There are two key differences though. For a start, not many Irish emigrants chose the dust-blown banks of the Rio Grande as their starting point for that new life and not many, if any, had it so good in back in the old world.
Belfast’s IBF world champion is 24 hours away from reaching the first significant staging post of his American journey.
Tomorrow night in El Paso, Texas - within touching distance of Mexico - Frampton will take on Alejandro Gonzalez Jr, defending his super bantamweight title and attacking his new frontier.
So far the signs have been good. More than good. The fight is on a day-night double bill in the border city with Frampton the matinee show’s headline act. The night time’s feature fight brings Julio Cesar Chavez Jr back to a land where his father’s name is worshipped. But the great and good of the US boxing media have eyes for just one of the headline acts.
“It’s been great so far,” says Frampton. “We were on a conference call the other day and I ended up getting 40 minutes of questions and Chavez Jr got five, so that was a pleasant surprise.
“They want to know about me, they want to know my story. They’re asking questions that people at home already know the answer to. But that’s the fun part of it almost, it’s like a new start.”
Frampton had no real need to start over. Things were damn good back home. Some 20 professional fights and 20 professional wins have come the 28-year-old’s way along with that world title.
That was the culmination of one lifelong ambition. Cracking America might appear to be the chance to fulfil another childhood dream but for Frampton that is not the case.
“I never thought about it or dreamt about it growing up. When I turned pro, and started getting some big wins, it started to drift into the mind,” he admits.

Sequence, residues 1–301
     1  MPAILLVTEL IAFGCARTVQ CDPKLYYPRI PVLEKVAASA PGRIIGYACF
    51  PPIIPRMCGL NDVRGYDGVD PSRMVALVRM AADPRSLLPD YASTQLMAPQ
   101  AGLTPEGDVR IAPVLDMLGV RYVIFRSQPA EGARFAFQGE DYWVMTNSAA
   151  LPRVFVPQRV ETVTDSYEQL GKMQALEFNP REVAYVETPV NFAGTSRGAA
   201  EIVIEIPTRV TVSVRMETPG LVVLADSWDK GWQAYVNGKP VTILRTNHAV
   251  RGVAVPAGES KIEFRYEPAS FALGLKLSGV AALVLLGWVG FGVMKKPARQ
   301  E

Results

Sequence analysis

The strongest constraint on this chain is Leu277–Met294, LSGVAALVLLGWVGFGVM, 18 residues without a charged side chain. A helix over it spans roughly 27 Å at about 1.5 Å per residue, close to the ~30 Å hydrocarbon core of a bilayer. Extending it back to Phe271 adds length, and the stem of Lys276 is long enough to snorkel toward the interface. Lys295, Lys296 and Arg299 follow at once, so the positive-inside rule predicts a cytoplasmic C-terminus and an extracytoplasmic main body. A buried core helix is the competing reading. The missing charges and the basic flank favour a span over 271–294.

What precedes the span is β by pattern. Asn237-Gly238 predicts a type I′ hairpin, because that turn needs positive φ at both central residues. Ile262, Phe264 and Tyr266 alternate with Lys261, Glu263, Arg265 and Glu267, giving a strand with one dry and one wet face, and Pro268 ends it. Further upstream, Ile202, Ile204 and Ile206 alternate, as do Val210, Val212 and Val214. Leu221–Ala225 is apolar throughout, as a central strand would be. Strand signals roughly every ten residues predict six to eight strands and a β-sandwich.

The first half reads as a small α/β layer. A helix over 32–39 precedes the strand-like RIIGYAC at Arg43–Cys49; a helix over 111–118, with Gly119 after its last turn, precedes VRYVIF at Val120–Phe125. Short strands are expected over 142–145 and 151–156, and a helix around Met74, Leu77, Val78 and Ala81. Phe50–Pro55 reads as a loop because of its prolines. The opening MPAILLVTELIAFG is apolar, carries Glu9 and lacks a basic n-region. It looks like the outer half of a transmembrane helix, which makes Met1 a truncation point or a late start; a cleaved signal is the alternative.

“Growing up, the dream was to win be a champion of the world. But I’ve reached that dream and there’s new dreams for me. New goals. I want to unify the division and win titles at different weights.”
Frampton and his team of McGuigans have always done things their own way. Some have questioned their decisions or doubted certain moves but every one has proven to be the right call.
They eschewed the traditional US launching pads of New York or Boston, where the houses would be packed with friendly faces and voices, or Las Vegas, where the hype would look after itself.
Instead it is here in El Paso, a place where boxing is nonetheless carved into the cross-border culture, where things begin for Frampton. That is down to tactical reasons more than any other.
“The only reason we are not in New York of on that side is because of TV, really. We needed to be on a matinee show to fit with primetime back home on ITV. This was the best, probably only available option that they had, so here we are in El Paso,” says Frampton, who took up the US option when the mouthwatering unification bout with Britain’s Scott Quigg couldn’t be agreed upon.
“Of course I would like to fight on the East Coast. That’s where I want to be and that’s where I want to base my career when I’m not fighting at home. We’ll be taking the east coast by storm in the near future.
“It is boxing country here though. They love their boxing, you can see that every day. There’s a huge latino influence and it’s in their blood. They’re not blow-ins, they’re discerning fans. I think I have a style that can please them, that can win them over.”
Daytime temperatures have remained steady around 38 degrees all week in west Texas, the pavements baking under the searing sierra sun. It’s left Frampton to wonder out loud quite how his mentor McGuigan managed 15 rounds outdoors in similar climes almost 30 years ago: “I can’t even begin to imagine it. Crazy, crazy. And it was even hotter when Barry done it.”